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Personnel

Lt

Charles J. GUTEKUNST

Assigned to the 100th Bombardment Group
Location:
Unit: 350th Bombardment Squadron
Rank:
Position: Copilot
Beginning Date of 100th Service: Unknown
Time of Service at Thorpe Abbotts: Unknown - Unknown

Additional 100th Service Notes

Status: CPT
Comments: 25 AUG 44 POLITZ

Media Articles

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Media ItemTypePageVolume/IssueBroadcast SourceTimeDescriptionFile
Charles Gutekunst flew 2 D-Day raids part 1PrintAirzona Daily Star May 31 199412:00 am
Charles Gutekunst flies 2 d-day raids part 2PrintArizona Daily Star May 31 199412:00 am
Charles Gutekunst crew photoPrintArizona Daily Star May 31 199412:00 am

Comments and Notes

Memo 1:
CREW

LT DALE McEWEN BECAME 1S PILOT OF THIS CREW SOMETIME AFTER THEIR 10TH MISSION.

2ND LT ROBERT A. WEGRZYNEK P RFS ILLNESS
2ND LT CHARLES J. GUTEKUNST CP CPT 25 AUG 44 POLITZ (with Lt Coleman Crew)
2ND LT EDMUND "NED" KAUFFMAN NAV POW 28 JUL 44 MERSEBURG, OIL REFINERY (WITH F.H.MASON CREW)
2ND LT JACK . EPPENDORF BOM KIA 11 SEP 44 RUHLAND, OIL REFINERY
S/SGT GEORGE W. WRIGHT TTE NOC
S/SGT JAY V. EMRICH ROG NOC TAPS: 1988
SGT DALE E. STRAUSBAUGH BTG NOC
SGT EDWIN J. TYRRELL WG NOC
SGT LUTHER A. WISE, JR. WG NOC
SGT RINALDO J. BUSSINO TG CPT 24 JUL 44 ST LO GROUND SUPPORT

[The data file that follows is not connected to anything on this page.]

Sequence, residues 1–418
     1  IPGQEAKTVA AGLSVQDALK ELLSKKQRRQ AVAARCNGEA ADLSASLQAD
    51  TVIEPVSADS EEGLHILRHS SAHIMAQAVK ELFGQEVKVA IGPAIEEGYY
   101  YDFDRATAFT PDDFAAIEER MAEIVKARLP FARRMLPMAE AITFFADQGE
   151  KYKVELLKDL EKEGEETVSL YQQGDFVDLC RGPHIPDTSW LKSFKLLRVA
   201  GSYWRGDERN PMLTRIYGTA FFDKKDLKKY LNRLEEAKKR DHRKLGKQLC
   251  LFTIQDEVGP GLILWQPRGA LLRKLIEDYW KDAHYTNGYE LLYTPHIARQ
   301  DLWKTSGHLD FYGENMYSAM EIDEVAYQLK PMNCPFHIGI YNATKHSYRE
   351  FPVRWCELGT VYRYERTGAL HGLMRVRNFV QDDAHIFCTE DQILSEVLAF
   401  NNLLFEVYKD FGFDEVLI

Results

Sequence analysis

350TH SQDN….CREW, AS ABOVE, JOINED THE 100TH ON 09 MAR 1944..

"FLEW FIRST MISSION ON APRIL 11, 1944. AFTER 10 MISSIONS, LT ROBERT WEGRZYNEK WAS GROUNDED BY A SERIOUS ILLNESS THAT REQUIRED A LONG PERIOD OF RECUPERATION IN A STATESIDE MILITARY HOSPITAL. WHILE SERVING IN COMBAT, HIS B-17 CREW WAS UNITED IN THEIR BELIEF THAT BOB WAS AN OUTSTANDING LEADER AND EXCEPTIONAL PILOT"…..2ND LT CHARLES GUTEKUNST IN LETTER DATED DEC. 2000 mpf

LT DALE R. McEWEN TOOK OVER THIS CREW AS FIRST PILOT. LT KAUFFMAN WAS REPLCED ON THE CREW BY FLIGHT OFFICER ALEXANDER MARUCHESS BOTH MCEWEN AND MARUCHESS WERE FROM LT JAMES NOBLE CREW. PROABLY MOST OF THIS CREW COMPLETED TOURS.


Lt Gutekunst flew one mission as a Formation officer before flying missions with his Crew. The mission was April 10, 1944


Date Crew Nbr Mission Nbr Last Name Initial Rank Position Aircraft Nbr Target
4/10/1944 10 144 GUTEKUNST C J LT TG 31903 RHEIMS/ CHAMPAGNE
4/10/1944 10 144 BARNHARD D E S/SGT LWG 31903 RHEIMS/ CHAMPAGNE
4/10/1944 10 144 SPIKER J N S/SGT RWG 31903 RHEIMS/ CHAMPAGNE
4/10/1944 10 144 FREITAS A M S/SGT BTG 31903 RHEIMS/ CHAMPAGNE
4/10/1944 10 144 BROWN J C T/SGT TTE 31903 RHEIMS/ CHAMPAGNE
4/10/1944 10 144 CANNON L.R. T/SGT ROG 31903 RHEIMS/ CHAMPAGNE
4/10/1944 10 144 CAIN M.H. LT BOM 31903 RHEIMS/ CHAMPAGNE
4/10/1944 10 144 PAYNE J.H. CAPT NAV 31903 RHEIMS/ CHAMPAGNE
4/10/1944 10 144 FULLER M.C. CAPT COM 31903 RHEIMS/ CHAMPAGNE
4/10/1944 10 144 LAKIN W.G. CAPT P 31903 RHEIMS/ CHAMPAGNE

FLIGHT RECORD
RINALDO J. BUSSINO 39550304
350TH SQDN.. 100TH BOMBARDMENT GROUP (H)
THORPE ABBOTTS, ENGLAND (STA # 139)